World Shares Retreat on Tuesday 01/22 06:02
World markets retreated Tuesday after the International Monetary Fund
trimmed its global outlook for 2019 and 2020. The downgrade came after China
said its economy grew at the slowest pace in nearly 30 years in the last
quarter of 2018.
SINGAPORE (AP) -- World markets retreated Tuesday after the International
Monetary Fund trimmed its global outlook for 2019 and 2020. The downgrade came
after China said its economy grew at the slowest pace in nearly 30 years in the
last quarter of 2018.
KEEPING SCORE: Germany's DAX gave up 0.2 percent to 11,112.96 and France's
CAC 40 was down 0.3 percent at 4,853.77. Britain's FTSE 100 was 0.3 percent
lower at 6,953.19. Wall Street, reopening after Martin Luther King Jr. Day, was
set for early losses. Futures for the broad S&P 500 index declined 0.6 percent
to 2,656.80. Dow futures dropped 0.6 percent to 24,545.00.
THE DAY IN ASIA: Japan's Nikkei 225 index shed 0.5 percent to 20,622.91 and
the Kospi in South Korea sank 0.3 percent to 2,117.77. Hong Kong's Hang Seng
lost 0.7 percent to 27,005.45. The Shanghai Composite index fell 1.2 percent to
2,579.70. Australia's S&P ASX 200 slipped 0.5 percent to 5,858.80. Shares rose
in Taiwan and Thailand but fell in Singapore.
GLOBAL GROWTH: On Monday, the International Monetary Fund cut its 2019
global growth estimate to 3.5 percent from 3.7 percent, citing trade tensions
and rising interest rates. It also revised its estimate for 2020 to 3.6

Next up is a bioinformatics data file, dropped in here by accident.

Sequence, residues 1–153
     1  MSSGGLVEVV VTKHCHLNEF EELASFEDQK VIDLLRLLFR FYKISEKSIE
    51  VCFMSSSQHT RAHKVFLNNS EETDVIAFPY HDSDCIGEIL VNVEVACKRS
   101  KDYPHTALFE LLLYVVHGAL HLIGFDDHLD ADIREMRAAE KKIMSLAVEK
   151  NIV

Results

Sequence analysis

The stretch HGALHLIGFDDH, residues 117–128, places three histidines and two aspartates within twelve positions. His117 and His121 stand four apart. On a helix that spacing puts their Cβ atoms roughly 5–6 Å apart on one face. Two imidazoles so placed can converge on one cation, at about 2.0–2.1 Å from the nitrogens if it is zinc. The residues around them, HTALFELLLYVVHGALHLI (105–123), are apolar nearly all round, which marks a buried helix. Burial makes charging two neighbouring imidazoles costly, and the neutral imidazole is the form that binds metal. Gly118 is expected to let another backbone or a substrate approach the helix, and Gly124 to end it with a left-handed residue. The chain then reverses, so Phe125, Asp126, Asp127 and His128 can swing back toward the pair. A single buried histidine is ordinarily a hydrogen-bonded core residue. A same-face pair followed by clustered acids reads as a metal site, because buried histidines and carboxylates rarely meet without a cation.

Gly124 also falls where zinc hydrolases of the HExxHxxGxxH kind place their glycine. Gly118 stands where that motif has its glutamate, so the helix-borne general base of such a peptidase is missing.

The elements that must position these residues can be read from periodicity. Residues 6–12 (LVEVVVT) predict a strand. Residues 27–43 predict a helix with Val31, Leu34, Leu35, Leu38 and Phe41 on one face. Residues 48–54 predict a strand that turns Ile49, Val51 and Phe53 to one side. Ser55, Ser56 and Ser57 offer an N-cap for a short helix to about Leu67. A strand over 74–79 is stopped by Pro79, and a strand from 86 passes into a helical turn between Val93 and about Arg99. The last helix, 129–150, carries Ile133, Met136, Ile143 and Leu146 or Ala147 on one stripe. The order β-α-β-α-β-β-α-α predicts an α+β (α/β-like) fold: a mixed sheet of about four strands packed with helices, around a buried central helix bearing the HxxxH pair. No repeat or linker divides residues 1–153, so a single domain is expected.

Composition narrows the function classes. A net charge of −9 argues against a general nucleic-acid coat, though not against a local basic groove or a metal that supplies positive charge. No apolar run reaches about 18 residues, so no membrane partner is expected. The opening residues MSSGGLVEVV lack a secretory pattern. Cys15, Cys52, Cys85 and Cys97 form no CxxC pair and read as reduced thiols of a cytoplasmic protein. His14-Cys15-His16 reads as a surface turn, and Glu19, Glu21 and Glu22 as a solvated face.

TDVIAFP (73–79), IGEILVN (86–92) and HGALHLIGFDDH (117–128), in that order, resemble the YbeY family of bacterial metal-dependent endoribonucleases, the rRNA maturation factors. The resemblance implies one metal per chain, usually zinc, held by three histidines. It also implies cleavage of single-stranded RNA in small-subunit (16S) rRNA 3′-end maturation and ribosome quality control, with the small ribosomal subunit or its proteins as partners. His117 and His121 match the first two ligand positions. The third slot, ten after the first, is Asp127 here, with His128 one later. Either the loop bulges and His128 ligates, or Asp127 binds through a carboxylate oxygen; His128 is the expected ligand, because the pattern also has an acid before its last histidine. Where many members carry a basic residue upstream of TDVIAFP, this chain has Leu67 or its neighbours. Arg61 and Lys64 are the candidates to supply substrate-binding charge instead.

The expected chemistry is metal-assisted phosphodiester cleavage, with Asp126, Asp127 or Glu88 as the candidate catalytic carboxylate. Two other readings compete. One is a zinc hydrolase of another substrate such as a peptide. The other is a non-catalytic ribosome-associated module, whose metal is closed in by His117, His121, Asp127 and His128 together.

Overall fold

percent, down from 3.7 percent. IMF Managing Director Christine Lagarde, who
presented the forecasts at the World Economic Forum in Davos, Switzerland, said
the global economy was growing more slowly than expected amid rising risks.
Earlier in the day, China reported its economy expanded by 6.6 percent in 2018.
This was the slowest pace of growth since 1990 and it fueled fears a trade
dispute with Washington is putting a drag on the world's second largest economy.
ANALYST'S TAKE: "The IMF's prognosis is fairly dire, and the prescription is
a sensible approach of preventive management; to avoid escalating trade
disputes, lower tariffs and build fiscal or financial buffers," Vishnu Varathan
of Mizuho Bank said in a commentary.
BREXIT PLAN: British Prime Minister Theresa May presented her Plan B for
Britain's exit from the European Union on Monday, but it looks a lot like the
original. May said she will get more opinions on a widely-criticized "backstop"
in the plan, aimed at preventing a hard border between the Republic of Ireland,
part of the EU, and the U.K's Northern Ireland after Brexit. She will then
"take the conclusions of those discussions back to the EU." The bloc has said
it will not renegotiate the divorce deal, which has been resoundingly rejected
by Parliament. "This really does feel a bit like 'Groundhog Day,'" Jeremy
Corbyn, the leader of the opposition Labour Party said. In the 1993 film, a
weatherman lives out the same day over and over again.
ENERGY: U.S. crude lost 73 cents to $53.31 per barrel in electronic trading
on the New York Mercantile Exchange. The contract added 3.3 percent to $54.04
per barrel in New York. Brent crude, used to price international oils, dropped
92 cents to $61.82 per barrel. It closed at $62.74 per barrel in London.
CURRENCIES: The dollar eased to 109.44 yen from 109.65 yen late Monday. The
euro slipped to $1.1363 from $1.1366. The British pound strengthened to $1.2902